Objective: We tested a dual-process model based on behavioral and emotional regulation constructs, which posits that good self-control and poor regulation make independent contributions and have different types of pathways to outcomes. The utility of the model for predicting substance use was tested in two diverse populations of younger adolescents.
Method: A survey was administered in classrooms to middle-school students in Westchester County, New York (N = 601) and Honolulu, Hawaii (N = 881). The New York sample was 8% African American, 5% Asian American, 47% Caucasian, 31% Hispanic, and 9% other ethnicity. The Hawaii sample was 21% Asian American, 8% Caucasian, 26% Native Hawaiian/Pacific Islander, 34% Filipino, and 10% other ethnicity. Structural equation modeling analyses tested pathways from the four regulation variables through six hypothesized mediators to a criterion construct of substance use (tobacco, alcohol, and marijuana).
Results: Results were replicated across samples and were consistent with prediction. Unique contributions were found for good self-control and poor regulation, including both behavioral and emotional aspects. Good self-control had an inverse effect on substance use primarily through relations to higher levels of protective factors (e.g., academic competence). Poor regulation independently had a risk-promoting effect on substance use through relations to higher levels of risk factors (e.g., negative life events).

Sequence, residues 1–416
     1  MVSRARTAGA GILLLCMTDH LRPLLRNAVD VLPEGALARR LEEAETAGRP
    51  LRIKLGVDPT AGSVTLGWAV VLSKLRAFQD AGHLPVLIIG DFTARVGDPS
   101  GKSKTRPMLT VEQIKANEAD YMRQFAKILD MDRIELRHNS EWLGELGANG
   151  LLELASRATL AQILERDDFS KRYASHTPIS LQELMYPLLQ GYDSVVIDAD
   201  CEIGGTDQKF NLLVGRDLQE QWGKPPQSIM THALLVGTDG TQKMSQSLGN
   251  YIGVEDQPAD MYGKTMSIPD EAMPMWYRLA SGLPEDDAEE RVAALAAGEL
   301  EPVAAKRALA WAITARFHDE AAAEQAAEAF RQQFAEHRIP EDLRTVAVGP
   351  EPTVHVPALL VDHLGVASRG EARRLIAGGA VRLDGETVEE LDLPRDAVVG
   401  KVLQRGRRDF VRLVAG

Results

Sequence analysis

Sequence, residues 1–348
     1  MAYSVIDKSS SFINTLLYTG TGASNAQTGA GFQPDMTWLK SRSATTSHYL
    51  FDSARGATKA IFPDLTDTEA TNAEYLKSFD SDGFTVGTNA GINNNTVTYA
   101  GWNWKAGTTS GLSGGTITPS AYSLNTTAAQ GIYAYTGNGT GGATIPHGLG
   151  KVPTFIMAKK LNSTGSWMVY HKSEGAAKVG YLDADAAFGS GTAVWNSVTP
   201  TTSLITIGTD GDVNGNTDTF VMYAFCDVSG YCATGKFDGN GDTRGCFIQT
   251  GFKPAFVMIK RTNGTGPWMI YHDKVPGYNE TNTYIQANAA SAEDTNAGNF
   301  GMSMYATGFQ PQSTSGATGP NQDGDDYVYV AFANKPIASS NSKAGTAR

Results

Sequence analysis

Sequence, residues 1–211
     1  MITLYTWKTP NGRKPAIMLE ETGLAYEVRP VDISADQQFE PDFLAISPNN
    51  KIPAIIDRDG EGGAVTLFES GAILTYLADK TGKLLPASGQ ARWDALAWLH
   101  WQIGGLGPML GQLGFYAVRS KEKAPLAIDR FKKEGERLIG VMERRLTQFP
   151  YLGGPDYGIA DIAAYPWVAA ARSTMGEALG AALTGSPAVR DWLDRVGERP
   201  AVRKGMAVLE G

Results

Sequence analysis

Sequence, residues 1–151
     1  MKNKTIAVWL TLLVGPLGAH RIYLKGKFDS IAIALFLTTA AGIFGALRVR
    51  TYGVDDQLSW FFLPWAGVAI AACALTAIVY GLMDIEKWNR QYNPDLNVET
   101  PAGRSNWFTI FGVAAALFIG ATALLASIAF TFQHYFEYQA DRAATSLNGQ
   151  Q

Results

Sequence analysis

Conclusions: Two field studies showed the dual-process model is robust across different populations. Substance prevention programs should consider approaches for enhancing good self-control as well as procedures for reducing poor regulation and minimizing its impact. Extensions to health behaviors including dietary intake and physical activity are discussed.
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